High School Update The Association of International Schools in Africa (AISA) conference took place over the past week in Accra, Ghana. AISL sent 18 teachers, instructional assistants and administrators to the conference. Those of us fortunate to go will now share back with the rest of the faculty what we learned. This professional development opportunity is made possible through the Board of Directors commitment to AISA and the learning community that is present amongst international schools in Africa and the Board’s continuous support for AISL’s faculty development. In our HS Parent Forum on Wednesday afternoon, Ms. Janet Hallwood spoke about her experience as an educator and her role at AISL as the HS Counselor. During the ensuing Q&A, we discussed family guidelines for technology use at home, the merit system, and career counseling. On November 20, at our next forum, we will have a round table discussion about our current merit system’s pros and cons, as well as provide some helpful tips for technology use at home. We look forward to seeing you there! As far as career day, we have a few ideas in mind. Mrs. Tshidi Anya and Mrs. Carla De S. Amorim Rocha from the PTO, as well as Ms. Janet Hallwood and myself are in the process of developing a career interest program that will provide our HS students opportunities to learn about careers and experience careers. In the near future, we will be asking for parent volunteers who would be willing to share their experiences in their chosen profession with our HS student body. Thanks to the PTO for this fantastic idea, the Parent Forum for feedback, and Ms. Hallwood for her valuable assistance as we look to help pique the interest of our students in thinking about their futures. If you get an opportunity to drop by the pool next Friday and Saturday, you will see some fine races as our AISL Eagles compete for WAISAL medals against stiff competition from Abuja, Ghana, Senegal and Burkina Faso. See you there. Go Eagles! Upcoming Events PSAT Wednesday, October 30 from 7:30-11:45 a.m. All Grade 10 & Grade 11 Students WAISAL Swim Meet @ AISL November 1-2 “Don’t Drink the Water” HS Student Production November 8-9 at 7:00 p.m. WAISAL Volleyball @ Senegal November 14-18 HS International Trips (Art, French, Spanish) November 23-30 Thanksgiving Holiday November 27 ½ day, 28, 29 Garth Wyncoll HS Principal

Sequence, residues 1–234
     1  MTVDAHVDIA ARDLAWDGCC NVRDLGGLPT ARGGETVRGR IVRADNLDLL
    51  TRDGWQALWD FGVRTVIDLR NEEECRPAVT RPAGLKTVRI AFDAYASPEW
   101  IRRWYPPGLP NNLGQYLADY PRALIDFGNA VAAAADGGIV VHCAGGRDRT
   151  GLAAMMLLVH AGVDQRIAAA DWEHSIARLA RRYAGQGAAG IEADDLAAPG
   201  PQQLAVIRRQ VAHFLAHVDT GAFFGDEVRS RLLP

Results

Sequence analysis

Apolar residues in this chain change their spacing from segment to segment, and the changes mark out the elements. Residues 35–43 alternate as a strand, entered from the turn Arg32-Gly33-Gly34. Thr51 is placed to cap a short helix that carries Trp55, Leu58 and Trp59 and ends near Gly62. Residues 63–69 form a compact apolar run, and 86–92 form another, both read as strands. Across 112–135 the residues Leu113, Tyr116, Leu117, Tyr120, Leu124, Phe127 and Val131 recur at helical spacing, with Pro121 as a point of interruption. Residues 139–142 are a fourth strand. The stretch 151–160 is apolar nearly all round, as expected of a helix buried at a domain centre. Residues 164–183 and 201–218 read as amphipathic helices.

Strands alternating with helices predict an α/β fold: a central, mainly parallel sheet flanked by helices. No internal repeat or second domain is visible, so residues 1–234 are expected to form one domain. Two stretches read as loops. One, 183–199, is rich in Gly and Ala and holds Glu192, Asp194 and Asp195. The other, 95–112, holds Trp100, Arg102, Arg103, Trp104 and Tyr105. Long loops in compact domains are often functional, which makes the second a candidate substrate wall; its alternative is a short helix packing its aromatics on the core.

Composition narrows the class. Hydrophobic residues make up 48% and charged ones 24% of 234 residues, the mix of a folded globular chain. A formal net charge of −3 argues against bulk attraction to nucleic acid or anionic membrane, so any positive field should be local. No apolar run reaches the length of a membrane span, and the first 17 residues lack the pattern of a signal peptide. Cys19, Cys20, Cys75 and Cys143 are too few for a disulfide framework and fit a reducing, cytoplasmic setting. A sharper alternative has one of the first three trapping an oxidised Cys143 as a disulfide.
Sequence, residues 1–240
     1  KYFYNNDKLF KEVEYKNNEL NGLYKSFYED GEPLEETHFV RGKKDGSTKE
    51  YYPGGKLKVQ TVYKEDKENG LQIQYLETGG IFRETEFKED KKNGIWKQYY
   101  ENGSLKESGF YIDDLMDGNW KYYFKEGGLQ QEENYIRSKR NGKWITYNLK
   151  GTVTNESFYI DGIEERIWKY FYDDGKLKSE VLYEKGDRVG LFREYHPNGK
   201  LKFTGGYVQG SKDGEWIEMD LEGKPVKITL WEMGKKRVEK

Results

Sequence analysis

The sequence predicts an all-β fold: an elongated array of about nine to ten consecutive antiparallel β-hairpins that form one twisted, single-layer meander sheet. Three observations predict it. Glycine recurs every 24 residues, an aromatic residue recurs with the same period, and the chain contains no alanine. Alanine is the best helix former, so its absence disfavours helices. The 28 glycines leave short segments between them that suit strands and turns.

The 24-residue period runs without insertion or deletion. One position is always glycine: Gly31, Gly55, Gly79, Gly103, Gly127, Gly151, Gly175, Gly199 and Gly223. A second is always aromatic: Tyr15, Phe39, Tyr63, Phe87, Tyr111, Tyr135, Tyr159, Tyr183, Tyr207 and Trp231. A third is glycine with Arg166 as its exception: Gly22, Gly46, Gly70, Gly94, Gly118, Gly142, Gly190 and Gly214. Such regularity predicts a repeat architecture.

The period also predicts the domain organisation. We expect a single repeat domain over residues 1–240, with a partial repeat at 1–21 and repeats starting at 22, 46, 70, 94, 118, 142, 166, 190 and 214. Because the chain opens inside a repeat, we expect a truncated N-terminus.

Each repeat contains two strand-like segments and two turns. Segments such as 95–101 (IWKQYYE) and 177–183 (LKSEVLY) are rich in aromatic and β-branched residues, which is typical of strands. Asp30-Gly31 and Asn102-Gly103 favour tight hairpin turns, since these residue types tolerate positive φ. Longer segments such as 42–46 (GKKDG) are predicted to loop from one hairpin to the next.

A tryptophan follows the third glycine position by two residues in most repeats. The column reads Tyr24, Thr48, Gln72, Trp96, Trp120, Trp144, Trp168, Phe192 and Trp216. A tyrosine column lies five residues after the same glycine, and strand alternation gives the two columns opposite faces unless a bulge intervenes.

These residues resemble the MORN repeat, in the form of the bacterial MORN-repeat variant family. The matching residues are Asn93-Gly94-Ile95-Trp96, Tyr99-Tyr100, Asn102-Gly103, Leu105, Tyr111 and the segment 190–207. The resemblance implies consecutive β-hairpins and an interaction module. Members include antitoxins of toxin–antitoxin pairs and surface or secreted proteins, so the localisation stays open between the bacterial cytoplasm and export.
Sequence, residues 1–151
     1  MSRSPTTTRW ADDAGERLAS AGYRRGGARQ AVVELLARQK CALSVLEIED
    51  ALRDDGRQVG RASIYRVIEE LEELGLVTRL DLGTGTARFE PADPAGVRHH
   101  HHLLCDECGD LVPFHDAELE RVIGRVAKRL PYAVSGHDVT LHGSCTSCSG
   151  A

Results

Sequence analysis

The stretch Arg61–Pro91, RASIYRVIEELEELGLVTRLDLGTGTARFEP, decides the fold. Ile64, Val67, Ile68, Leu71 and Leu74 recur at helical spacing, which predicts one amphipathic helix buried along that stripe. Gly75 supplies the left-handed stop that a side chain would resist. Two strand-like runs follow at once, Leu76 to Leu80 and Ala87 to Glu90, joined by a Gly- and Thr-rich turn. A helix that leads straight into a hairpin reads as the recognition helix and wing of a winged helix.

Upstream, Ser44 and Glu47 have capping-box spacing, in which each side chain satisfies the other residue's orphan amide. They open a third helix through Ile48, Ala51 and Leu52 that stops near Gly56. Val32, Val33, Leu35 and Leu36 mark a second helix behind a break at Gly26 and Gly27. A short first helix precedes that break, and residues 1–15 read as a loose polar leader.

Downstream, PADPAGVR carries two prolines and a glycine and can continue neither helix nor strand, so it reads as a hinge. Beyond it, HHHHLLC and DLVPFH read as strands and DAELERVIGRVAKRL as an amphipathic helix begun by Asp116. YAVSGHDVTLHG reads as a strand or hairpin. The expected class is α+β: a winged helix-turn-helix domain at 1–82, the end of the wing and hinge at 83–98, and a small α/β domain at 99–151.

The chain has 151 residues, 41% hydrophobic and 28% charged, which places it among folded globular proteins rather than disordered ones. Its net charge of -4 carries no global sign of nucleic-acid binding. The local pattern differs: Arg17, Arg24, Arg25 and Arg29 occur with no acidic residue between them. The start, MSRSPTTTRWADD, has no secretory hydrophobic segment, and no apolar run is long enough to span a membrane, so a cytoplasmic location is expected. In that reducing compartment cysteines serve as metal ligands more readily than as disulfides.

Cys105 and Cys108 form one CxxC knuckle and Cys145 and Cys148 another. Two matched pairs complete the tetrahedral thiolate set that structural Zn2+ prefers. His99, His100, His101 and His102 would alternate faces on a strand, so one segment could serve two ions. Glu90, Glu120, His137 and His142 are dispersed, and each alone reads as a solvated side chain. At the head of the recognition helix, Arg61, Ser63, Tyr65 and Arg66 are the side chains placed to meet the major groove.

Counselor’s Corner News & Events